By Stephanie Jeffers
Today’s portable spas integrate colour illumination in a multitude of features. In fact, over the last decade, manufacturers have increasingly used functional and decorative lighting to differentiate their portable spas from the competition.
Initially, halogen lamps were used to provide basic, functional lighting for spas. Later, the advent of fibre-optic lighting added decorative illumination to the mix. With its static and colour-changing capabilities, this technology added a new dimension to spa lighting, making more interior and exterior illumination possible. Not long after, light-emitting diode (LED) technology came onto the scene, with its higher brightness, better reliability and substantially greater number of colours and options.
The evolution of illumination
Now, spa lighting is even given a place at the research and development table. Engineering and marketing teams work together to create LED lighting packages that set spas apart in a competitive marketplace, while meeting a dynamic set of consumer expectations. The result—lighting solutions that meet a variety of price points and allow consumers to choose everything from basic underwater lighting to intricate light show options.
The wide array of lighted features now available with portable spas is considerable and growing with every model year. Functional, white underwater lighting has been available for many years, while more colourful general accent lighting has gained popularity in the last decade.
Recently, manufacturers have started including coloured decorative lighting to highlight spa features. Waterfalls, jets, air control bezels, assist rails, diverters, pillows, seating, cup holders, brand faceplates, filter lids, exterior cabinets—all of these features consistently integrate LED accent lighting. Back and edge lighting can provide a glow of coloured light around functional features, while point-of-light illumination is used to provide colourful accents on the interior shell. The use of up or down lighting provides illumination to the exterior cabinet. The possibilities are nearly endless.
How LEDs work
LED lighting packages tie together a relatively small number of components, typically comprising single LEDs and multi-LED light heads/modules. Spa areas that require a dispersed or more intense lighting effect, such as a footwell or exterior cabinet, are well suited for multi-LED light heads and modules, while single LEDs can be used individually or grouped together to create decorative accents. The compact footprint of single LEDs also allows for more placement versatility within the spa shell, allowing the lights to conform to any shape.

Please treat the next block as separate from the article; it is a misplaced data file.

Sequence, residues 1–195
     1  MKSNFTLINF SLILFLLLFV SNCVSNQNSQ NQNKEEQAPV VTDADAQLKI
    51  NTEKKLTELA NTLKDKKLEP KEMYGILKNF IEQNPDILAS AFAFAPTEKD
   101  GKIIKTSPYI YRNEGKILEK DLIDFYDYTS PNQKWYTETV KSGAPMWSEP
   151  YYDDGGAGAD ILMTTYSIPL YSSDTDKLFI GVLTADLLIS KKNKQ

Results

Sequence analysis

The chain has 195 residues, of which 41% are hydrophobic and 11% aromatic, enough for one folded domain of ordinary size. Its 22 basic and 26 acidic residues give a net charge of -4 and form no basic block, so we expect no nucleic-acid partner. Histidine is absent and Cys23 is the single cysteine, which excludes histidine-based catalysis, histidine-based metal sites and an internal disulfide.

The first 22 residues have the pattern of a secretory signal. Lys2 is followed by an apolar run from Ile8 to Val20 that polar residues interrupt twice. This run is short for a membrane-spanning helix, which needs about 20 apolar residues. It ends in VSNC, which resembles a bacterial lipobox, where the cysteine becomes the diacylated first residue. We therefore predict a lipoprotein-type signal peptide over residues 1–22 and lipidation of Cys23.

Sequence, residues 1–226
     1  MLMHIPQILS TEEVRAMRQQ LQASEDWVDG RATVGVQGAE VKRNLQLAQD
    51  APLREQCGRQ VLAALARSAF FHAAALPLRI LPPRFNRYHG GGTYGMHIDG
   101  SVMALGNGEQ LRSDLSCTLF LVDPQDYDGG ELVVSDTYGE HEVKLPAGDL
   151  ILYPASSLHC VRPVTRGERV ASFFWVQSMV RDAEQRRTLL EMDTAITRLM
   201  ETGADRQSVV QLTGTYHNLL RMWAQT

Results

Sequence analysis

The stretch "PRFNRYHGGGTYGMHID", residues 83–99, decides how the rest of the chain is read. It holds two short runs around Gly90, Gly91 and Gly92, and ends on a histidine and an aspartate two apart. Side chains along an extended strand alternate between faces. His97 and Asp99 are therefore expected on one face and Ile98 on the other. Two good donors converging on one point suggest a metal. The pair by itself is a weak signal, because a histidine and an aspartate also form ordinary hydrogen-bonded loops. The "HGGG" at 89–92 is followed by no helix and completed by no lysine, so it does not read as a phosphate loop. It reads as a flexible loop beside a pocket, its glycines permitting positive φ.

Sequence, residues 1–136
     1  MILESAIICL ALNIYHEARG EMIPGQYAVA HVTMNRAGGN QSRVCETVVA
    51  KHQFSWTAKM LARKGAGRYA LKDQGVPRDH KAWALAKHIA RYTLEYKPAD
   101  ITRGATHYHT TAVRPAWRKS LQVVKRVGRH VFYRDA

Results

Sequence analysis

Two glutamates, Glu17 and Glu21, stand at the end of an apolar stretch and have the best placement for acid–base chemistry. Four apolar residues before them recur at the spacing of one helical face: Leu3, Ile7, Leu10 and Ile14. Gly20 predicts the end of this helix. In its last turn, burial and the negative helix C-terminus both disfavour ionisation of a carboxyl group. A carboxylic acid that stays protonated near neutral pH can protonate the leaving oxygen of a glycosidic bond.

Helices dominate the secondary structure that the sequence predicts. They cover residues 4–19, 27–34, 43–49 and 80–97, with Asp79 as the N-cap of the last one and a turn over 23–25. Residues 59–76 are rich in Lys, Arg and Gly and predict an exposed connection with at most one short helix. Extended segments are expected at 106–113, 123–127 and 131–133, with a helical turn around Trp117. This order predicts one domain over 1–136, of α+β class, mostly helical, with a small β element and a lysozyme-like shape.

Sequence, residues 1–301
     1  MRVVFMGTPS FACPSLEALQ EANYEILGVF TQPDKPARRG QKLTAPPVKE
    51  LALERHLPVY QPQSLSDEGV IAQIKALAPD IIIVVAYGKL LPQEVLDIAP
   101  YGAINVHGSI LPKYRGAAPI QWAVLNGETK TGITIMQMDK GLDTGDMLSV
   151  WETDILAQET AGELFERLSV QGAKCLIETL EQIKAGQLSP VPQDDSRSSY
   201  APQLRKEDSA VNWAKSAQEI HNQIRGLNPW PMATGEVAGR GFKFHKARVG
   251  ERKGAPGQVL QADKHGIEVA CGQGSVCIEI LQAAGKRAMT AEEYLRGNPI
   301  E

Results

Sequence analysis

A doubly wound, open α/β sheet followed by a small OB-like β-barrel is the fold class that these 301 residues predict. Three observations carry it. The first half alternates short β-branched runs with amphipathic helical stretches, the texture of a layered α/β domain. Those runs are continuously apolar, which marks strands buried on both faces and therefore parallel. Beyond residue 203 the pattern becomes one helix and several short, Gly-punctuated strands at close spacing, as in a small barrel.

Over the years, as lighting has become more integrated into spas, LED system components have undergone significant engineering improvements to make them better suited for use in harsh spa environments. Lighting packages are typically installed under the spa skirt during production, which means components must be able to withstand moisture, heat, vibration and the foam insulation process. LEDs are typically rated to last for up to 100,000 hours, which makes them well suited to spa applications, where customers look for extended performance without the need for costly service or repair work.
Current LED system components rely heavily on overmoulding of connection points to provide protection where individual LEDs make a wire connection or surrounding cable-to-cable connections. High-temperature cable is also commonly used in spa applications. Further, locking cable connections make installation easier, increase reliability and can withstand vibrations from spa use and transport.
LED light heads are designed to fit either bayonet or bi-pin style bases housed in standard spa light assemblies. Multi-LED modules can be surface- or flush-mounted, depending on the spa design. Single LEDs can be mounted within a variety of faceted lenses, designed with low profiles for greater comfort when bathers rest against them.
To provide optimum versatility, spa LED lighting systems use modular components, which connect in a daisy chain fashion (i.e. one connected to the next using cables) to create a particular lighting package. Multi-directional connection point modules, or splitters, are also used to branch off from the main line. This non-linear daisy chaining provides the most design and installation flexibility. Varying cable lengths between components will ensure a custom fit connection, eliminating extra slack and better conforming to the available space.